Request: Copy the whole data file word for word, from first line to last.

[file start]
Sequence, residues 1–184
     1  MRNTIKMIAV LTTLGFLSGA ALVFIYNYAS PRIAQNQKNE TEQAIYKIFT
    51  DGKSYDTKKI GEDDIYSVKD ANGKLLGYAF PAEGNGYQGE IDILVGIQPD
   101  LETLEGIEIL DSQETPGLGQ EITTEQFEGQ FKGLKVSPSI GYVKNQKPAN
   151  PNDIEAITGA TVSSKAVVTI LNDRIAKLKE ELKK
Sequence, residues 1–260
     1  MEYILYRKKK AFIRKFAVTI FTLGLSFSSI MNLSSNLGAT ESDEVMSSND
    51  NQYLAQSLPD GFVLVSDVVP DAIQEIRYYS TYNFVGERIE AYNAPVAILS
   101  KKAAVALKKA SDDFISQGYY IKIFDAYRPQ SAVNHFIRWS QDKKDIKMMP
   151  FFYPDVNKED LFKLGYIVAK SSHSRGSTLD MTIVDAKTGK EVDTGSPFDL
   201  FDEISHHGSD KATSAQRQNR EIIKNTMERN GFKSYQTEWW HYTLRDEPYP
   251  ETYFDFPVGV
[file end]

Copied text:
Sequence, residues 1–184
     1  MRNTIKMIAV LTTLGFLSGA ALVFIYNYAS PRIAQNQKNE TEQAIYKIFT
    51  DGKSYDTKKI GEDDIYSVKD ANGKLLGYAF PAEGNGYQGE IDILVGIQPD
   101  LETLEGIEIL DSQETPGLGQ EITTEQFEGQ FKGLKVSPSI GYVKNQKPAN
   151  PNDIEAITGA TVSSKAVVTI LNDRIAKLKE ELKK
Sequence, residues 1–260
     1  MEYILYRKKK AFIRKFAVTI FTLGLSFSSI MNLSSNLGAT ESDEVMSSND
    51  NQYLAQSLPD GFVLVSDVVP DAIQEIRYYS TYNFVGERIE AYNAPVAILS
   101  KKAAVALKKA SDDFISQGYY IKIFDAYRPQ SAVNHFIRWS QDKKDIKMMP
   151  FFYPDVNKED LFKLGYIVAK SSHSRGSTLD MTIVDAKTGK EVDTGSPFDL
   201  FDEISHHGSD KATSAQRQNR EIIKNTMERN GFKSYQTEWW HYTLRDEPYP
   251  ETYFDFPVGV